Search - Forest of Death on DVD

Forest of Death
Forest of Death
Actors: Qi Shu, Ekin Cheng, Rain Li, Siu-Ming Lau, Suet Lam
Director: Danny Pang
Genres: Indie & Art House, Horror
UR     2009     1hr 38min

In this mind-twisting thriller from the creators of "The Eye" and "Re-cycle," a dark forest known for causing mysterious deaths becomes the focus of a recent savage murder. A homicide detective, a botanist researching the ...  more »


Larger Image

Movie Details

Actors: Qi Shu, Ekin Cheng, Rain Li, Siu-Ming Lau, Suet Lam
Director: Danny Pang
Creators: Cub Chin, Choochart Nantitanyatada, Danny Pang, Curran Pang, Oxide Pang Chun
Genres: Indie & Art House, Horror
Sub-Genres: Indie & Art House, Horror
Studio: Image Entertainment
Format: DVD - Color,Widescreen - Subtitled
DVD Release Date: 04/14/2009
Original Release Date: 01/01/2007
Theatrical Release Date: 01/01/2007
Release Year: 2009
Run Time: 1hr 38min
Screens: Color,Widescreen
Number of Discs: 1
SwapaDVD Credits: 1
Total Copies: 0
Members Wishing: 0
MPAA Rating: Unrated
Languages: Chinese
Subtitles: English

Similar Movies

Director: Hideo Nakata
   UR   2009   1hr 55min
Directors: Danny Pang, Oxide Pang Chun
   R   2008   1hr 48min
Director: Oxide Pang Chun
   R   2009   1hr 25min
The Eye 2
Directors: Danny Pang, Oxide Pang Chun
   R   2005   1hr 38min
The Heirloom
Director: Leste Chen
   R   2006   1hr 37min

Similarly Requested DVDs

Murder Party
Director: Jeremy Saulnier
   R   2007   1hr 19min
Director: David Greene
   NR   2004   1hr 36min
The Mind's Eye
Director: Joe Begos
   NR   2016   1hr 27min
Paranormal Captivity
Director: John Orrichio
   UR   2014   1hr 20min
The Beast Collection
   UR   2009   15hr 5min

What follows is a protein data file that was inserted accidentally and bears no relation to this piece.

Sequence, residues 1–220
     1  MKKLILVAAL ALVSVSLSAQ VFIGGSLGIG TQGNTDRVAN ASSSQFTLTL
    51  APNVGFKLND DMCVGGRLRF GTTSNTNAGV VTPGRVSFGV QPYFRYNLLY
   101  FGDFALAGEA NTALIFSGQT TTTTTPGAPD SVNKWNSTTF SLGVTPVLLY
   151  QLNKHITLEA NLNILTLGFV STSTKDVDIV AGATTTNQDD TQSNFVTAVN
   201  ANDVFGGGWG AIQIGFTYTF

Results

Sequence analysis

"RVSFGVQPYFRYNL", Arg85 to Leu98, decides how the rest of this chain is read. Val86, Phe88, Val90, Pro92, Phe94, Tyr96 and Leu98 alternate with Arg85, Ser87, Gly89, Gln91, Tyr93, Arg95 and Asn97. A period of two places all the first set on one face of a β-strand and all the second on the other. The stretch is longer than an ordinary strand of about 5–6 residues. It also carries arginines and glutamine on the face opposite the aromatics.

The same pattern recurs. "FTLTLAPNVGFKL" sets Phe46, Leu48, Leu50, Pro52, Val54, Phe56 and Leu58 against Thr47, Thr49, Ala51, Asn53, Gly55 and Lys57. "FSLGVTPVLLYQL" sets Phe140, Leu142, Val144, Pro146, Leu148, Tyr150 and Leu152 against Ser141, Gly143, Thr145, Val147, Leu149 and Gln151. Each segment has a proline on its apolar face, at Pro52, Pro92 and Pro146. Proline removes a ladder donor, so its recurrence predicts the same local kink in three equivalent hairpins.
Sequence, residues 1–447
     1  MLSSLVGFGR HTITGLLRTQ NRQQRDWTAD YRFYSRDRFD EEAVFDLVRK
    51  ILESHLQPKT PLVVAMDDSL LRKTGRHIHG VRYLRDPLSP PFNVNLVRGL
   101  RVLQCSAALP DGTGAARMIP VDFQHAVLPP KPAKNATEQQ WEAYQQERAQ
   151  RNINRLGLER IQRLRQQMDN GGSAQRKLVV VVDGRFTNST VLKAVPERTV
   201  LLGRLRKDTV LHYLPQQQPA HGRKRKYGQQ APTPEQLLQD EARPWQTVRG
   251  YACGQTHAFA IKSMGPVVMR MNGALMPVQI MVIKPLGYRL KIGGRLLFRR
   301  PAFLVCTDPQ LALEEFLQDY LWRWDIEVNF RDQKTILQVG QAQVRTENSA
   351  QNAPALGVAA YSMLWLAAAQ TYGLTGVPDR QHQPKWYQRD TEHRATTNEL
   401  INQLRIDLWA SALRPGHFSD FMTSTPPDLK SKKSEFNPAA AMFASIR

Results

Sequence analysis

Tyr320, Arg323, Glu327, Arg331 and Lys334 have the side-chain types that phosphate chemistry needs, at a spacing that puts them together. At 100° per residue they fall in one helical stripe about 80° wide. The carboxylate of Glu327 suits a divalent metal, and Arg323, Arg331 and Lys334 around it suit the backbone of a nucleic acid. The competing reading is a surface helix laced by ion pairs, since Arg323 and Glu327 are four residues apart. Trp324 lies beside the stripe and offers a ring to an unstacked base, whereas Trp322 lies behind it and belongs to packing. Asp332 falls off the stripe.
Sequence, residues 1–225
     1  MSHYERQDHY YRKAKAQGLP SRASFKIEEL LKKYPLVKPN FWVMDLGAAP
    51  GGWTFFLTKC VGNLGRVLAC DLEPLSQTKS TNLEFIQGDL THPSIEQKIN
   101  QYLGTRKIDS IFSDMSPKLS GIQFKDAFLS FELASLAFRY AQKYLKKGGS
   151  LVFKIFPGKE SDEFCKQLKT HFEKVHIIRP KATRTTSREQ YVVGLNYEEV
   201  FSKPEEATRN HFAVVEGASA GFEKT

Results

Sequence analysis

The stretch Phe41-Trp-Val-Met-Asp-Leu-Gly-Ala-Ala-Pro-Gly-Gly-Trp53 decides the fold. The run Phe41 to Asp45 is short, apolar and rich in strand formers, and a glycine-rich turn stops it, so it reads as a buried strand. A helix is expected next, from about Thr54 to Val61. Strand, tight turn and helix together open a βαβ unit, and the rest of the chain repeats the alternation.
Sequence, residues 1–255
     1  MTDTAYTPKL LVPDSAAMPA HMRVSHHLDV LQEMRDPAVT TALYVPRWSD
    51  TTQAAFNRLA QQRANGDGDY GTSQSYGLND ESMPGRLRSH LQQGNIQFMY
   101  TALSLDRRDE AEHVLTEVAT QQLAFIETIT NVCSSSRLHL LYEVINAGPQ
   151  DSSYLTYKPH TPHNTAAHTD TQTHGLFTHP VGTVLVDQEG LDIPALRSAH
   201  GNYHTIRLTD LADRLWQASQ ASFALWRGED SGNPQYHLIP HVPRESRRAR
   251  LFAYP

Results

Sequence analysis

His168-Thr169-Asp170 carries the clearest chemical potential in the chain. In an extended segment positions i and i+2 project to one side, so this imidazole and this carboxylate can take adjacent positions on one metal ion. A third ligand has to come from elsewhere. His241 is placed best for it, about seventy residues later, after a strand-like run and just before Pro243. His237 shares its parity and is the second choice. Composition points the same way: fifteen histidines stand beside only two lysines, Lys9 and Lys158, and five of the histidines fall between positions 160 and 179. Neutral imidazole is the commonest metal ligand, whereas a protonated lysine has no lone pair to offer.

Haven The Complete First Season
   NR   2011   9hr 32min
   R   2007   1hr 36min
Rest Stop - Don't Look Back
Director: Shawn Papazian
   UR   2008   1hr 29min

Movie Reviews

Forest of boring Asian horror/mystery film chiches.
Robert P. Beveridge | Cleveland, OH | 03/30/2009
(2 out of 5 stars)

"Forest of Death (Danny Pang, 2007)

Danny is half of the Brothers Pang, two guys who have been at the forefront of the recent resurgence in Thai cinema on the world stage (Bangkok Dangerous, The Eye). Danny's brother Oxide branched out on his own relatively successfully with The Tesseract, so I guess Danny thought it was time to do his own thing as well. Danny's results have never been as successful as Oxide's, and Forest of Death continues this trend.

Forest of Death is a pretty standard southeast Asian supernatural flick that borrows a good deal from both Il-gon Song's 2004 flick Spider Forest and Pang's own supernatural thrillers (most notably The Eye), but gets some serious starpower on board. Megastar Shu Qi (The Transporter), who'd previously teamed up with Pang in The Eye 2, stars as detective C. C. Ha, head of a task force assigned to look into why so many people are drawn to a particular forest, known as the Forest of Death (one of seven, we are told, in the world), coming from thousands of miles away to commit suicide in the forest. Perhaps they're not all suicides? The equally gorgeous, though far more underrated, Rain Li (House of Mahjongg), co-stars as May, a perky television hostess who becomes obsessed with the idea of doing a story on the Forest and its sole permanent denizen, a forest ranger. Meanwhile, the detective has enlisted the help of the hostess' boyfriend, a botanist named Shu-hoi Shum (Ekin Cheng of Ab-Normal Beauty) who believes that he can really make plants talk; this would obviously be of a great use to the detective in her investigation. The two women each occupy a storyline, and occasionally overlap, but the movie never really makes much of an effort to integrate the two, despite Shu-hoi's presence in both.

While there can be no denying that the photography here is fantastic, and the leads are certainly easy enough on the eyes, the movie never really gels as a movie; the mystery angle is never as pronounced as it is in the films from which Pang and writer Cub Chin (who collaborated with the brothers on their previous collaborative film, Re-Cycle) drew so much of their influence, and that renders this somewhat impotent as anything other than a succession of pretty pictures. We never really get to know the characters as much as we should, which doesn't help matters either. It's not terrible, but there are certainly better Pang-related ways to spend your time. **